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From grassroots to the Olympics

With 17 athletes in Durres (ALB), the US team is the nation with more competitors at the IWF World Youth Championships. Having medalled at the previous six editions of the event, the North American delegation naturally expects to have some podium visibility in 2023. After the third day of the youth global showcase, none of the US lifters has yet reached a top-3 finish, but for Suzy Sanchez, the Team Leader, this is not the main objective.


“With the youth, we just want them to have a good time. It’s very important in terms of development, so they can experience international competition and improve their long-term athletic progress,” states Sanchez. “Therefore, no big expectations other than athletes having fun”. With almost half of the team members (8/17) coming to their first international event, it is fundamentally a time of discovery. “They are all so excited to be here! Many of them had never travelled abroad or to Europe. So, they were quite thrilled to learn about a new culture here in Albania, to try new food, and to make new friends. We spent a lot of time on the beach, so they really enjoyed that”.


However, the US Team Leader admits that there are solid hopes for a strong performance from Corey Robinson, in the men’s 102kg. “He is one of our highest athletes coming to Albania. We would love to see a great result from him”. Competing on Friday, Robinson has an entry total of 266kg in his category. Since the event’s creation in 2009, the US team has won 58 medals in the competition (with a maximum of 16 linings in 2019).


When asked to elaborate on the national youth programme in the USA, Sanchez explains: “We don’t have a specific nationwide model. All of our youth come from our local clubs. In the US, weightlifting has a decentralised training structure, so individual clubs are recruiting locally. Those athletes then qualify for the Nationals and can compete together. It’s a great grassroots effort across the entire nation”.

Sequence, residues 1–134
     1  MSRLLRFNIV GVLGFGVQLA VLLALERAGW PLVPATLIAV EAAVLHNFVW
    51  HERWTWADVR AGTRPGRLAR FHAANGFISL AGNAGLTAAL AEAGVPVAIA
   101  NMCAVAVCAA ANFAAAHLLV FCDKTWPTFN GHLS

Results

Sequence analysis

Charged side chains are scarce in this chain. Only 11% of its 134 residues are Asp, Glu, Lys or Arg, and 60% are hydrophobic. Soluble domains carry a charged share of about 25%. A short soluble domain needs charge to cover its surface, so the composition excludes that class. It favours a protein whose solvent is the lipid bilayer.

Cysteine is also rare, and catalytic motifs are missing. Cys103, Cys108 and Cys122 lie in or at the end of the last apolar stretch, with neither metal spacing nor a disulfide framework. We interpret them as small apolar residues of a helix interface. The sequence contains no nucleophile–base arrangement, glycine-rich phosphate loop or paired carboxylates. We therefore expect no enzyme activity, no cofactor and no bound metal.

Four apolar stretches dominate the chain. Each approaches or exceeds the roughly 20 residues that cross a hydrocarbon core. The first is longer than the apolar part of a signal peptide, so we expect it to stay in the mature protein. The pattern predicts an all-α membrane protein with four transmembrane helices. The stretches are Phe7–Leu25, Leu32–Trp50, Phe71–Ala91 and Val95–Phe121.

This model reached its limits during the Covid pandemic and provoked a disruption in the career development of many young athletes. “It definitively impacted our local clubs. As we have such a decentralised system, when many cities shut down due to the pandemic, a lot of our club owners lost their businesses. Many of them were able to rebuild and expanded their services to include online coaching programmes (remote coaching) and they have now large remote teams,” Sanchez recalls. “It also allowed for more shared information across the country, from coaches to coaches and from athletes to athletes. There is always something positive from something like this, so in this case I believe it was the development of online models, virtual coaching symposiums, and even online competitions”.


The always-challenging transition from youth/junior to senior level is also a topic of concern. “Every year, our Youth National Championships grows and grows – at our biggest event, we had five platforms and over 900 athletes. We continue anticipating growth among youth, so it’s going really well,” she admits. “Normally, we have an average of 30% of our youth athletes that proceed then to the senior level. We would like to raise this average, but it’s already quite good. We have a couple of Olympic hopefuls for LA 2028 and some future world team members,” Sanchez reveals.


The question is therefore obvious: from the group of athletes present in Albania, will we see some of them at the 2028 Olympics in Los Angeles? “That’s the hope!” But for that, weightlifting has to definitively secure its place in the Games’ programme. “I love weightlifting and we should all love seeing weightlifting in the Olympics!”

By Pedro Adrega, IWF Communications